How Humans Lost Our Chance at a Third Eye

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Lizards have a little dot at the top of their heads that is called a "parietal eye." This eye is not as complex or as useful as the two in the front of their heads, but it does react to light. Are they eventually going to have a third eye? No. It's just a vestigial trait.

In fact, it looks like most animals — including humans — had a chance at a third eye, and we blew it.


Top image: 3x3 Eyes.

The tuatara is an endangered species, and lives on only a few islands in New Zealand, each of which is carefully maintained as a native animal preserve. It looks like a lizard, but isn't one. It's leftover from a time 200 million years ago, when tetrapods were turning into turtles, lizards, crocodiles, and dinosaurs. It hasn't changed since then, and so represents a look at what animals of that particular time period were like.


And it has a spot on the top of its head, which the closest thing anybody has to a third eye.

An extra eye presents a lot of evolutionary benefits. Being able to look up, or just behind you, for predators seems like an advantage to nearly any species. Although many lizards also have this spot, it has been lost in turtles, crocodiles, and birds. By examining the physiology and development of these species, from humans all the way back to the well-developed parietal eye of the tuatara, scientists are figuring out how later species lost a third eye, and what we might have gained in its stead.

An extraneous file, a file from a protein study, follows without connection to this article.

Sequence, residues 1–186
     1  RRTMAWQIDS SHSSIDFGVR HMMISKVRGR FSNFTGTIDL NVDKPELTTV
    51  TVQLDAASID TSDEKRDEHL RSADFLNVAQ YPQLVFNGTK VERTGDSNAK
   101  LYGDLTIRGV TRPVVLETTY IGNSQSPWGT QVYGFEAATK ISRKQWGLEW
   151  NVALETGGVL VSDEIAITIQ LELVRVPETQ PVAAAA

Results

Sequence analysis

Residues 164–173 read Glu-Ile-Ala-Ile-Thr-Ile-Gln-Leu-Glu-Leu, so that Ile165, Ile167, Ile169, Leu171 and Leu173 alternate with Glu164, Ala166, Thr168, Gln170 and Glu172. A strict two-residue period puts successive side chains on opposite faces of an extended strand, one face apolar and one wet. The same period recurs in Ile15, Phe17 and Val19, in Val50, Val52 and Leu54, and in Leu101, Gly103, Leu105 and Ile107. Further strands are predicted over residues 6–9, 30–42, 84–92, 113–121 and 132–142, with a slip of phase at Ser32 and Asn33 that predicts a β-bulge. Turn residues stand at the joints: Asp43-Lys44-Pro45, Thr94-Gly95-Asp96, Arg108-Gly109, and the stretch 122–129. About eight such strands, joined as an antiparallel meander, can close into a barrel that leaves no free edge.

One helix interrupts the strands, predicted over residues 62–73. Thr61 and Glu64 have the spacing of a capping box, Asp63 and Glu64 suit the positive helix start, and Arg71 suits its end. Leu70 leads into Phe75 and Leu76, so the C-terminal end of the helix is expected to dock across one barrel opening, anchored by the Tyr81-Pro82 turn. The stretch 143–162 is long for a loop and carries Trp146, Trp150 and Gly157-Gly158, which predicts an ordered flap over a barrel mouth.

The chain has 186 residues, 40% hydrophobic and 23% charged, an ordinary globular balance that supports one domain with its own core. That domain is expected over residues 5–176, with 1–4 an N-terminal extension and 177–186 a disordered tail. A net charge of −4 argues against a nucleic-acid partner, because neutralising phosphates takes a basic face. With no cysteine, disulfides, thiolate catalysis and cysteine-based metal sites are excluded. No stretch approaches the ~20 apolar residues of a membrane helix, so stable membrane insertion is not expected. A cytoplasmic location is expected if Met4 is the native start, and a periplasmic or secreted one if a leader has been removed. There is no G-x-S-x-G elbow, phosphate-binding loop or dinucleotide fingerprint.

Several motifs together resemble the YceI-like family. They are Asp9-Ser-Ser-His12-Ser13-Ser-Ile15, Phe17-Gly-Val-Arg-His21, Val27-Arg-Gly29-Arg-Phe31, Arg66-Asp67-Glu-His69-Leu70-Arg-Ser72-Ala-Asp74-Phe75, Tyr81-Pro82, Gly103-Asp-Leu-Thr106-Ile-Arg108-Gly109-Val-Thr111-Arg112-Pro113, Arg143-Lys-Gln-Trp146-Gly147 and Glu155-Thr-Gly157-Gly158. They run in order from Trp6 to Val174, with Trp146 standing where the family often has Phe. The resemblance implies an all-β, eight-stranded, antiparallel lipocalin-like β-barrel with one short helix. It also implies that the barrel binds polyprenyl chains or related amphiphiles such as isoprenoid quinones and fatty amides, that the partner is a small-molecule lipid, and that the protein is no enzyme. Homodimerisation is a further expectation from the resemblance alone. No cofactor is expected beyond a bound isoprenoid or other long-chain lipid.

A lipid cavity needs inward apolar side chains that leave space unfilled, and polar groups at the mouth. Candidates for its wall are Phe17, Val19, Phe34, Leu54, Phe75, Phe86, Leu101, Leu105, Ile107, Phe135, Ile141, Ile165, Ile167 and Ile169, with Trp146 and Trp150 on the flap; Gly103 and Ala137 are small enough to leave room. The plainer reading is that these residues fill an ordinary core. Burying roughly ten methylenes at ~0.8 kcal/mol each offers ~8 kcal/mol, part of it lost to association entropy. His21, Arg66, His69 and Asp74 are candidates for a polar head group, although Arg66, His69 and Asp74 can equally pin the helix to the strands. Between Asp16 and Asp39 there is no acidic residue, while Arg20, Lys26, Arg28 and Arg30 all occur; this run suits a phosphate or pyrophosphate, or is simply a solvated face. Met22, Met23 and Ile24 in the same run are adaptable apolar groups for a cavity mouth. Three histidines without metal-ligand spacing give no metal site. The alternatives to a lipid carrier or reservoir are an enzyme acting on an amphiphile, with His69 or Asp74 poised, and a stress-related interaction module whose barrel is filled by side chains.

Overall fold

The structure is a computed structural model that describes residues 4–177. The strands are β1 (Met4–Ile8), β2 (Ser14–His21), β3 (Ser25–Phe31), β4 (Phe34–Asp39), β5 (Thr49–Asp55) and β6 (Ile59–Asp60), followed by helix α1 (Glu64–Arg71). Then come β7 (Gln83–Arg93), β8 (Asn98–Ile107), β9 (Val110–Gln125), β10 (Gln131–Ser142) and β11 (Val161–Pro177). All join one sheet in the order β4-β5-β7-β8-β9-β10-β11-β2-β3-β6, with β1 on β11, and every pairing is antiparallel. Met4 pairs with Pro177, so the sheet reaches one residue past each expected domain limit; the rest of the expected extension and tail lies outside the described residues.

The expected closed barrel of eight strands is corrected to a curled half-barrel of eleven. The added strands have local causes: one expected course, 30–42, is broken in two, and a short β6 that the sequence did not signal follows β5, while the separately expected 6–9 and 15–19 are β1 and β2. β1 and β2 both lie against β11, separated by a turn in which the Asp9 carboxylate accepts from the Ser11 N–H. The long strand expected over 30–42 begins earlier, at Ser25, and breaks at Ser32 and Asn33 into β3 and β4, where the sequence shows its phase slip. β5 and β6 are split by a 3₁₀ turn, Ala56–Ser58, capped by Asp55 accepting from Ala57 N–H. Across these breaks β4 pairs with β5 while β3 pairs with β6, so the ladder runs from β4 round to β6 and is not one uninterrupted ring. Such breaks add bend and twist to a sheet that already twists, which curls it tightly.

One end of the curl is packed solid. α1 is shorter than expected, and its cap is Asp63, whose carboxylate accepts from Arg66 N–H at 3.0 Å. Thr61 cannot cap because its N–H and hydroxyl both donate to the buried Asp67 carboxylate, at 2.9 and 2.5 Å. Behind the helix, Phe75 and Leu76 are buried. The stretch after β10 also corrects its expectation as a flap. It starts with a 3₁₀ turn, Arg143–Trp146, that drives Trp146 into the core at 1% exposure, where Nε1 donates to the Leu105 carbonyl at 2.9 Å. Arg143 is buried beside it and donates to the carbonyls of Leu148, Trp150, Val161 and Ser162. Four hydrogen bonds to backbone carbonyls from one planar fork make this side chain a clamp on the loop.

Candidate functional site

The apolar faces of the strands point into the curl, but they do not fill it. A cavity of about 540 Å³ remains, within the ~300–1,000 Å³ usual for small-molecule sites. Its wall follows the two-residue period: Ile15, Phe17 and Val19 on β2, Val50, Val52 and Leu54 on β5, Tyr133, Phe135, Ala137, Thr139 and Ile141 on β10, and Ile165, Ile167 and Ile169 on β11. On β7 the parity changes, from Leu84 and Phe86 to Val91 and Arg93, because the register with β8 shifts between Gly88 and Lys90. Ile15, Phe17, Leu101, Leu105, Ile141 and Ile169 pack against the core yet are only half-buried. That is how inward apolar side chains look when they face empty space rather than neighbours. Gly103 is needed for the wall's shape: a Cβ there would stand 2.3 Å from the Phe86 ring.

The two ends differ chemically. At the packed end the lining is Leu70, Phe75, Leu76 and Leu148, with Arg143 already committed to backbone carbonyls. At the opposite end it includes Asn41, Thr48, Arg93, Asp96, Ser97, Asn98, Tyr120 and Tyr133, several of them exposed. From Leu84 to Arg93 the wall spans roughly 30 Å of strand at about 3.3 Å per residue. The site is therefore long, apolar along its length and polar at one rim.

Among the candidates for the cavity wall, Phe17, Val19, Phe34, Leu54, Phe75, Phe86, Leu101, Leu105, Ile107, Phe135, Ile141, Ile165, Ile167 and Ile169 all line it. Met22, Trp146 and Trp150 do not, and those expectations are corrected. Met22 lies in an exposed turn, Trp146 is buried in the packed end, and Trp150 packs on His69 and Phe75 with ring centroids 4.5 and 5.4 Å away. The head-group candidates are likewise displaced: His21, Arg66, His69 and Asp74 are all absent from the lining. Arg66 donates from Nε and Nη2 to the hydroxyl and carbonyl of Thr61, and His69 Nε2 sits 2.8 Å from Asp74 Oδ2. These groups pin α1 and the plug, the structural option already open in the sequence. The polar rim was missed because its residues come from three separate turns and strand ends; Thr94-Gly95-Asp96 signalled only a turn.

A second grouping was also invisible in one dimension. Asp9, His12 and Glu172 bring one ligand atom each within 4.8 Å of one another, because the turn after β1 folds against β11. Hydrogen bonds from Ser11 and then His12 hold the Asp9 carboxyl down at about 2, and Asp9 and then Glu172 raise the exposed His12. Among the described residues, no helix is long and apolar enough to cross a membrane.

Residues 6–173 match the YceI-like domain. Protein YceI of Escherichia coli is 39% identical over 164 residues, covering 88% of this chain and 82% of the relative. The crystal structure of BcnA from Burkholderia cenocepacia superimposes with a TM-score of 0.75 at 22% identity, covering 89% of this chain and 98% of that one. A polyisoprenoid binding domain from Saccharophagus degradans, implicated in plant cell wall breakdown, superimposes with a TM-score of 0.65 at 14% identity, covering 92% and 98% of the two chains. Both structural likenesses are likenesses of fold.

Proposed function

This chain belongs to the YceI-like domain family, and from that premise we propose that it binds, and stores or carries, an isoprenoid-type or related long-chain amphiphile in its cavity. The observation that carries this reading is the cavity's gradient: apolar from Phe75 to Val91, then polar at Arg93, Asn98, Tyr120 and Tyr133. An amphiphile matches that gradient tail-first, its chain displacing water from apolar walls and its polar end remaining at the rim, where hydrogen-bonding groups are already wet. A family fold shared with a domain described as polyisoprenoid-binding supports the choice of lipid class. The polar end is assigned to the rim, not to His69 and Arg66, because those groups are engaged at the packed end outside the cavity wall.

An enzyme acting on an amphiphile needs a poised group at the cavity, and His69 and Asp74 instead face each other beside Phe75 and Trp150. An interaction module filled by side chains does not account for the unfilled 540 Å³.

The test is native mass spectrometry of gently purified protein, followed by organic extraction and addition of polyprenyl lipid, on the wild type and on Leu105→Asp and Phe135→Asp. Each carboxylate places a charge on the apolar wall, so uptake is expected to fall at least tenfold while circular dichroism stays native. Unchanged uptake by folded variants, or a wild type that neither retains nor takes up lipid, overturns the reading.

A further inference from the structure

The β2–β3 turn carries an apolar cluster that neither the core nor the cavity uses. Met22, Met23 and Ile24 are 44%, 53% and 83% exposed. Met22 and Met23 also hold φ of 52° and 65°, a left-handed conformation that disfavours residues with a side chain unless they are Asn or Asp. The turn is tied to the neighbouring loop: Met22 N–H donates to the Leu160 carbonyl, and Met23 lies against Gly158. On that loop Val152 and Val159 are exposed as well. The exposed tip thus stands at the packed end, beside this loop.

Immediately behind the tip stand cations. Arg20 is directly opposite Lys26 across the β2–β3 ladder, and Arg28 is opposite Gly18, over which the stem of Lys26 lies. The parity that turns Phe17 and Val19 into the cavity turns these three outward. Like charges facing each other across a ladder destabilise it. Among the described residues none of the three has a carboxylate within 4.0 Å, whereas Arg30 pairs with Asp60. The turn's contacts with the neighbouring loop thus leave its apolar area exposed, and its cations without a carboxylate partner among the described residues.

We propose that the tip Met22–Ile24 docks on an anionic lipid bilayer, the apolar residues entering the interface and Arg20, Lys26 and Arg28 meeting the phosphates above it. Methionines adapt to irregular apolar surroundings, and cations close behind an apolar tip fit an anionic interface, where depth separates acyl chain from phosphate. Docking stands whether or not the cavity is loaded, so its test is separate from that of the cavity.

Perhaps the most notable feature of the third eye is that it's not symmetrical. Drop a line down the center of a body, even a developing body, and it's almost certain that the left and the right side will match. That's how regular eyes develop. They start off as dents in the developing roundness of the head. As the dents grow inwards, the finer structures of the eye develop. The parietal eye doesn't dip inwards. Instead, the outside of the whole structure is lined and becomes a kind of a bump, and inside two symmetrical parts of the brain structure develop. The left side of the brain becomes the parietal eye. The right side becomes the pineal sac. In reptiles, the parietal eye takes in light, and the pineal sac puts out melatonin, a hormone that regulates sleep cycles.


In humans, instead of the pineal sac wandering up towards an eye on the top of our heads, we have the pineal gland which stays down near the rest of our brain. The pineal gland also puts out melatonin, and is studied in sleep research. It also puts out many other hormones which focus on neurological regulation — the most famous of which is serotonin. The proper functioning of the pineal gland keeps people focused, happy, awake in the day and asleep at night, and prevents neuro-degeneration as people age. It seems that even if we could have a third eye, it would be at the expense of being able to sleep, be happy, and keep mentally fit.

It would also be at the expense of our hair.

Tuatara Image: Phllip C

Via NCBI twice.